Do you even lift, sis? If you don't already, I'm hoping you will soon. Gone are the days where the weights room in the gym is exclusively a 'bro zone'. Women getting strong is (to my utter delight) becoming super cool and, as trends go, it's a pretty great one to hop on board with. There are a tonne of benefits to strength training, and I care to venture a few.
1) It supports fat loss
Muscle mass burns more calories than fat does, even at rest! So if you've put in the work and built some muscle in the gym, you'll be reaping the benefits even when you're chilling on the sofa watching Netflix.
2) It helps you 'tone up'
When people talk about 'toning up' what we're really talking about is the definition achieved when we build lean muscle. So, far from needing to fear lifting weights in case we look 'too masculine'*, we need to run toward it with open arms.
* side bar; I personally think it's awesome and sexy when women look utterly jacked BUT if it's not the look you're personally after then you needn't worry. With our lower levels of testosterone than our male counterparts, it's actually pretty tough going for females to pack on the muscle and you'd need to be training really, REALLY hard.
3) It helps prevent injury
Strength training not only strengthens muscles which can help to prevent injury (for instance in strengthening our core and glutes we are at far lower risk of knee and back pain), but it also increases bone density - making fractures less likely and reducing the risk of osteoporosis as we age - and helps to improve bad posture.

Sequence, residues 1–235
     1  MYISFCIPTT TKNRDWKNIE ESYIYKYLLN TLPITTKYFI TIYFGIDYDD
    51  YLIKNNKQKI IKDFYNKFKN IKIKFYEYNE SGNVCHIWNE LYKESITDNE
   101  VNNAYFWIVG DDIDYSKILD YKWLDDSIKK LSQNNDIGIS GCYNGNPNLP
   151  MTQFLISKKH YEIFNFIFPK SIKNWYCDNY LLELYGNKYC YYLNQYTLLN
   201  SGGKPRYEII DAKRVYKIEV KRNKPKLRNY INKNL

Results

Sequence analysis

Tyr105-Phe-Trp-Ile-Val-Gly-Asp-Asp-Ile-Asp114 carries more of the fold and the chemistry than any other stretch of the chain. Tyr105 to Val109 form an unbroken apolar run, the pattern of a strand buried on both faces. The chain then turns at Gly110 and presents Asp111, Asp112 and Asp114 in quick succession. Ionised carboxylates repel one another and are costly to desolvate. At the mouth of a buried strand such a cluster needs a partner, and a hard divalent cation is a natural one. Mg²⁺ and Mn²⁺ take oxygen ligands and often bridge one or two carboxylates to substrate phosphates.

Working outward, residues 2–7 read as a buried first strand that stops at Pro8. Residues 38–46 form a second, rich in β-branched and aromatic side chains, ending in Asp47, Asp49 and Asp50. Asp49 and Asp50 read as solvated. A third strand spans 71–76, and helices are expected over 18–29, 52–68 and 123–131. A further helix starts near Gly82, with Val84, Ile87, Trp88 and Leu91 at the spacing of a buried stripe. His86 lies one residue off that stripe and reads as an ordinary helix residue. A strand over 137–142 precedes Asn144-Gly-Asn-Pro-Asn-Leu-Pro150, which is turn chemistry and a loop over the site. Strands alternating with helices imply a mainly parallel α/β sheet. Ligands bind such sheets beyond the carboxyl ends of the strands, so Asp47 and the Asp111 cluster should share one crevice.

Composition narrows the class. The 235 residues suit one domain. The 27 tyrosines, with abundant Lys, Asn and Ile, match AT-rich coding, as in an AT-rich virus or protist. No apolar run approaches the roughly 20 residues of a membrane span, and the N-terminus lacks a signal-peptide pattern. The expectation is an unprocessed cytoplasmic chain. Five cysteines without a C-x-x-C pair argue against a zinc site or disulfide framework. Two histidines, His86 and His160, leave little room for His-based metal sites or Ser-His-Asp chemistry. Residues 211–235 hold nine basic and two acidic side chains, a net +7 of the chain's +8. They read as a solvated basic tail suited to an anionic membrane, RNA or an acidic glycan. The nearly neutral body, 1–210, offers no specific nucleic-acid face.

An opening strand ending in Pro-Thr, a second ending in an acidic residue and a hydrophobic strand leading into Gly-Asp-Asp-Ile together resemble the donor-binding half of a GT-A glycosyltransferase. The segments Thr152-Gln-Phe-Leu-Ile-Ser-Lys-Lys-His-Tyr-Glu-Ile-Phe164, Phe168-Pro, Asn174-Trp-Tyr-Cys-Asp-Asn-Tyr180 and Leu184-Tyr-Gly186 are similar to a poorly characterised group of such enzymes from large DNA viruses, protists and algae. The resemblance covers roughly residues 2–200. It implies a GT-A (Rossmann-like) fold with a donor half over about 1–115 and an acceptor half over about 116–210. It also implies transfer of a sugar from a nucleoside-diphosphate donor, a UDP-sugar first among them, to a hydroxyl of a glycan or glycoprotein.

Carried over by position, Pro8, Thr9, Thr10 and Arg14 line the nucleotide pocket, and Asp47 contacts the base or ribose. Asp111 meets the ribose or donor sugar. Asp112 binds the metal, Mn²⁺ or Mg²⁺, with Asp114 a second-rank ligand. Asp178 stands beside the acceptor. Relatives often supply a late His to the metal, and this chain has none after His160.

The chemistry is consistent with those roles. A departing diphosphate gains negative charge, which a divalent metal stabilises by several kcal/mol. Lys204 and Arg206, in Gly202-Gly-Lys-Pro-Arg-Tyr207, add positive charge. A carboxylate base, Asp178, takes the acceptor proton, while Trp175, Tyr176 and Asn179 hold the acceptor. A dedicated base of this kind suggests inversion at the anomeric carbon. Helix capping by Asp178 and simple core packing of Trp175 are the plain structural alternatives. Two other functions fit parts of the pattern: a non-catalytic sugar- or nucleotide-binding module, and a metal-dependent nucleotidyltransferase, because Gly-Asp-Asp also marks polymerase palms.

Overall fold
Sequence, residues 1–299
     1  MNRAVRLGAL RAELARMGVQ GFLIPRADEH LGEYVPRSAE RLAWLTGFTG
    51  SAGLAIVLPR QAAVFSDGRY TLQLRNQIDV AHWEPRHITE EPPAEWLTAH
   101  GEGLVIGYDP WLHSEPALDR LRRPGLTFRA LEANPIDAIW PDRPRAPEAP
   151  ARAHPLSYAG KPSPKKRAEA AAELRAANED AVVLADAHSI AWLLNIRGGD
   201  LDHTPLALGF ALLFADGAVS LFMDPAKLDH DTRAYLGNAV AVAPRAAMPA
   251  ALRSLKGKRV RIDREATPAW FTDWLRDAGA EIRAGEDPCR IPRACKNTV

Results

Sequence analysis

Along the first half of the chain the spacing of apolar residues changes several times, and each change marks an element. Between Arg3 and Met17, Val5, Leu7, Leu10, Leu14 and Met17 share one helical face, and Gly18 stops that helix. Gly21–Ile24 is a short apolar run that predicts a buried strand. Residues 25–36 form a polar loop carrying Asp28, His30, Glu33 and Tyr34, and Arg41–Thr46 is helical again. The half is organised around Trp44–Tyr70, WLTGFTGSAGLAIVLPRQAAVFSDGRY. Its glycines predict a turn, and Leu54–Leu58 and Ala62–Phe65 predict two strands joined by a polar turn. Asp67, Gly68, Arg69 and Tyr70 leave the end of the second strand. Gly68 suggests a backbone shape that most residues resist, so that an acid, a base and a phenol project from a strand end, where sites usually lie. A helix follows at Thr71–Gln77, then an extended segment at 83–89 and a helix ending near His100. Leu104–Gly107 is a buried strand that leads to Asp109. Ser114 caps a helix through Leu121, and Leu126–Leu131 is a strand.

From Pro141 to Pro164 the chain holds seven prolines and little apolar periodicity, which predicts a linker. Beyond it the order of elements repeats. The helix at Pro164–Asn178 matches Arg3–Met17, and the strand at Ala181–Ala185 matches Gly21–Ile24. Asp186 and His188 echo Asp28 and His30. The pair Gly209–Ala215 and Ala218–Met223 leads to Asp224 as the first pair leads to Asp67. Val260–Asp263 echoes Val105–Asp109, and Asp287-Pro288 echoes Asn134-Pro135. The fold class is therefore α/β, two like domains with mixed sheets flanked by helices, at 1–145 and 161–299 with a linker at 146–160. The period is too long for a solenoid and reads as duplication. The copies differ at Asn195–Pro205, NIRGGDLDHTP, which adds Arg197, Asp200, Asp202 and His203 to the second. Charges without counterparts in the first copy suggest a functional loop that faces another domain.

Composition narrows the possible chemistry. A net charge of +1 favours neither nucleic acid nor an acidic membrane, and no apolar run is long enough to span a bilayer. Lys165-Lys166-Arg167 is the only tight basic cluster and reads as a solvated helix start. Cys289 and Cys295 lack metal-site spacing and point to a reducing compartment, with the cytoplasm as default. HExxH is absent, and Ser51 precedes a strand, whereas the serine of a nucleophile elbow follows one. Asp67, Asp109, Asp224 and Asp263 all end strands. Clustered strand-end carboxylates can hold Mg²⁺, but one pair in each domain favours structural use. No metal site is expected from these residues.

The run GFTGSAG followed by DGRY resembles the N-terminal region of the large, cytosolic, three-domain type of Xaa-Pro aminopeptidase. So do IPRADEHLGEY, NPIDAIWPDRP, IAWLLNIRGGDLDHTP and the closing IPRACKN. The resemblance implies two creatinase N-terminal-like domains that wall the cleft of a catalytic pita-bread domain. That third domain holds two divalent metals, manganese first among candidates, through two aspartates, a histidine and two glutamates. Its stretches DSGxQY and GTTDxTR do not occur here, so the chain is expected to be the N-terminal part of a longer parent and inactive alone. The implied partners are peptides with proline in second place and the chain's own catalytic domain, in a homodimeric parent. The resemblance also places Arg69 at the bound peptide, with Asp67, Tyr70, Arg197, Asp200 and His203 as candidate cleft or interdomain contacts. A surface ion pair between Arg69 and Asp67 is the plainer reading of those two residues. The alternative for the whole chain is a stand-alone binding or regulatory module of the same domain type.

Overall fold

4) It im
proves mood, reduces stress, and makes us feel BADASS.
As with many forms of exercise, strength training releases those glorious endorphins that improve our mood, reduce pain and make us feel on top of the world. In my experience with myself and my awesome female clients, more so than other forms of training strength training makes us feel empowered, confident and capable. We're bad b*tches and we can lift anything, ok?
That's great, but how the devil do I get started?
Well gee. I'm glad you asked. Here are my 3 main tips for beginners.
- Start simple
Forget the crazy complicated stuff you see way too much of on social media. Start with the simplest (and, FYI, the best) movements: squat, lunge, deadlift, overhead press, press-ups, bent over row, bench press. These are all what we call compound exercises; they work lots of different muscles at once. In other words, you get plenty of bang for your buck. They're also pretty functional, meaning they are movement patterns that come up frequently in everyday life, so it's stuff that will be useful both in and out of the gym.
- Start light
Meet yourself where you're at. If you're a total beginner, please please please don't rush in to lifting heavy weights. Take your time to start reeeeal light (body weight where possible, empty barbell where not) and get your technique GREAT before you think about adding weight on. Not only will this keep you safe, but it will ensure you're getting the most benefit from your strength training. Don't be the person loading the bar heavy AF whilst moving like utter garbage; there's no glory (but plenty of injuries) to be had there.
- If you're unsure, seek guidance
Sometimes no amount of YouTube, Instagram or TikTok (?!) videos can get you moving perfectly when you're learning a totally new skill. If you're not sure, please seek guidance from a professional. Either seek someone out on the gym floor, or pay for a few sessions with a trainer so you can learn the basics before you skip off merrily into your heavy lifting happily ever after.
Looking for a personal trainer in Bristol or Weston-super-Mare? Get in touch and let's have a natter, shall we?